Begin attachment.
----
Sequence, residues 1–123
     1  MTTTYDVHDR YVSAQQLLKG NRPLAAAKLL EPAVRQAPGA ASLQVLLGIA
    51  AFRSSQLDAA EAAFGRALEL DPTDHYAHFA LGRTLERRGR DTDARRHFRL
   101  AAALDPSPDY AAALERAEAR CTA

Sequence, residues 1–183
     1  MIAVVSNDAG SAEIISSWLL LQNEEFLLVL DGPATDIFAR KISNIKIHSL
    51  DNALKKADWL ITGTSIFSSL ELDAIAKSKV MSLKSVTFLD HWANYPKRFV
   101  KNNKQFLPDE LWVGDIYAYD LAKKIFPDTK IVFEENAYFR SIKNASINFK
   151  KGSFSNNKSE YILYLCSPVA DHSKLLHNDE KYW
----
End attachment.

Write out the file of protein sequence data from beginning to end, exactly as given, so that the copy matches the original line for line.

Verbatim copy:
Sequence, residues 1–123
     1  MTTTYDVHDR YVSAQQLLKG NRPLAAAKLL EPAVRQAPGA ASLQVLLGIA
    51  AFRSSQLDAA EAAFGRALEL DPTDHYAHFA LGRTLERRGR DTDARRHFRL
   101  AAALDPSPDY AAALERAEAR CTA

Sequence, residues 1–183
     1  MIAVVSNDAG SAEIISSWLL LQNEEFLLVL DGPATDIFAR KISNIKIHSL
    51  DNALKKADWL ITGTSIFSSL ELDAIAKSKV MSLKSVTFLD HWANYPKRFV
   101  KNNKQFLPDE LWVGDIYAYD LAKKIFPDTK IVFEENAYFR SIKNASINFK
   151  KGSFSNNKSE YILYLCSPVA DHSKLLHNDE KYW